This year’s tenth International Interconnect Technology Conference (IITC), planned for early June at the San Francisco airport, comes 10 years after IBM and Motorola researchers announced plans to use copper interconnects. A decade of chemical-mechanical polishing later, the chip industry is looking at several ways to extend the reach of copper/porous low-k interconnects to the 32-nm node.
Interestingly, a look at the paper abstracts shows that many of the more interesting papers this year are from Japanese companies. Fujitsu has a paper on nano-clustering silicon (NCS) dielectrics, which were tested on 45-nm test structures. Creating thin barrier layers and using the NCS dielectrics, the Fujitsu researchers claimed an 86 percent reduction in resistance-capacitance delays.
Researchers from Sony and Toshiba will go to the IITC with separate papers on hybrid dual-dielectric schemes, which put one dielectric at the bottom of the vias, and the other at the top. These processes also form the barrier and copper seed layers in one step, and could reduce process complexity.
Sony used a manganese oxide barrier layer with lower resistance than tantalum. MnO has several other benefits: fewer stress-induced voids, longer electromigration lifetime, and no pore-sealing process. These self-formed barrier layers do not adhere at the bottom of the vias, which reduces resistance.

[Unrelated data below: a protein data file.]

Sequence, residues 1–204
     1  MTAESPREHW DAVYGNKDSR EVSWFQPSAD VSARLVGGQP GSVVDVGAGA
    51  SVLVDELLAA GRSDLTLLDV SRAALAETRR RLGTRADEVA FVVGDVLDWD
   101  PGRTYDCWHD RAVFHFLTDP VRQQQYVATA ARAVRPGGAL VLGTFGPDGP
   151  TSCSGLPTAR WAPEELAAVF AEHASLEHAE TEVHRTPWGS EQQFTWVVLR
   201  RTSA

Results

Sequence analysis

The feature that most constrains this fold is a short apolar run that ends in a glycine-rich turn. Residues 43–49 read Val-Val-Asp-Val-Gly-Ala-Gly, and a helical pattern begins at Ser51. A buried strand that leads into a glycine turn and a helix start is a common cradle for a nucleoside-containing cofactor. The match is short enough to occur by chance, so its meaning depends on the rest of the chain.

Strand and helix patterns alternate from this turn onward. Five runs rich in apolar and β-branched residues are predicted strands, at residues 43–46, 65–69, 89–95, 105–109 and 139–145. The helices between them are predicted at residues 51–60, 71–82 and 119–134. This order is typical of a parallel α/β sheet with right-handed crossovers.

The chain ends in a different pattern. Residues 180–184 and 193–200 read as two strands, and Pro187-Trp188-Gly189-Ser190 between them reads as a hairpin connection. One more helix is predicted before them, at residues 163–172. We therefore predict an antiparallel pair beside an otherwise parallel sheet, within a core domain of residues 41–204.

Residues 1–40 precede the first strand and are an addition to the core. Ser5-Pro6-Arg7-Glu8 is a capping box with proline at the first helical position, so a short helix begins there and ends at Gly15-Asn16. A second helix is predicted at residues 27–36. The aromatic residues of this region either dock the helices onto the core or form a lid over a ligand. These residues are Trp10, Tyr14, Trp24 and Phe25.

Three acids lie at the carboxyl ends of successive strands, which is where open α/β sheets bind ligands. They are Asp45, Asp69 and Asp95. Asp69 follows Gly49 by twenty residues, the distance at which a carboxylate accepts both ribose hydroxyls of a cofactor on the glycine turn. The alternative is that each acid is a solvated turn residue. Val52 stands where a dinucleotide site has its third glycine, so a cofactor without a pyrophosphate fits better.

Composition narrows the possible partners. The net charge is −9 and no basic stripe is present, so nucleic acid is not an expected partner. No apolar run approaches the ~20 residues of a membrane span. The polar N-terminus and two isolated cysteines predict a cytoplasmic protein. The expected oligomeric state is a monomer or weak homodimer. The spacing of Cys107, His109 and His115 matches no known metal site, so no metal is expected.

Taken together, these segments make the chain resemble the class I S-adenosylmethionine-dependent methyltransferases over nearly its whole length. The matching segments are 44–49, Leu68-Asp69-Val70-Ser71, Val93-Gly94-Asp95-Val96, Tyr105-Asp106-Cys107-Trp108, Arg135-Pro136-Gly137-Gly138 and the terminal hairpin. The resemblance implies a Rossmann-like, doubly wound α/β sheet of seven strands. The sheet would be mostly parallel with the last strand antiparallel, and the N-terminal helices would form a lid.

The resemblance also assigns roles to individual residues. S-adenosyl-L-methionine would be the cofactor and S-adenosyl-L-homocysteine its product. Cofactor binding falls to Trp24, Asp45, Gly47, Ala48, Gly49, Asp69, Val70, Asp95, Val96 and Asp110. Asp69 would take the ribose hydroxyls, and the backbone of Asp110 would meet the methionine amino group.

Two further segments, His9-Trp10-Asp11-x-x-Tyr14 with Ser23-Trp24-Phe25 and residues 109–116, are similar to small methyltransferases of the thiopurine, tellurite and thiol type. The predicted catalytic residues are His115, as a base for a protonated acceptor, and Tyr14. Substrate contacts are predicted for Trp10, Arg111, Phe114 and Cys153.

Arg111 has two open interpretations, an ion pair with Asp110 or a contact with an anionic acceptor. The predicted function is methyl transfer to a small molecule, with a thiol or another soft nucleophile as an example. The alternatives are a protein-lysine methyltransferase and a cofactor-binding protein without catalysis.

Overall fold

The Sony researchers combined an MnO barrier with a copper-silver alloy for the metal lines, and found advantages, compared with the conventional tantalum barrier layer with copper for the 32-nm back end of the line.
A paper from NEC also looks at the barrier layer challenge, replacing tantalum with a ruthenium/tantalum nitride liner. Copper can be plated directly on ruthenium without creating an interface layer between the two, reducing complexity.
IBM researchers will go to the IITC with an approach which electroplates rhodium as the contact plugs in high-aspect ratio devices. Rhodium has lower resistivity than either tungsten or copper, and rhodium plugs can be made thinner as CMOS scaling proceeds.
Before the more radical shifts to air gaps, optical, and carbon nanotubes, these researchers point to improvements in the interconnect stack -- bringing in new metals and kicking out old ones -- at the 32-nm node and beyond.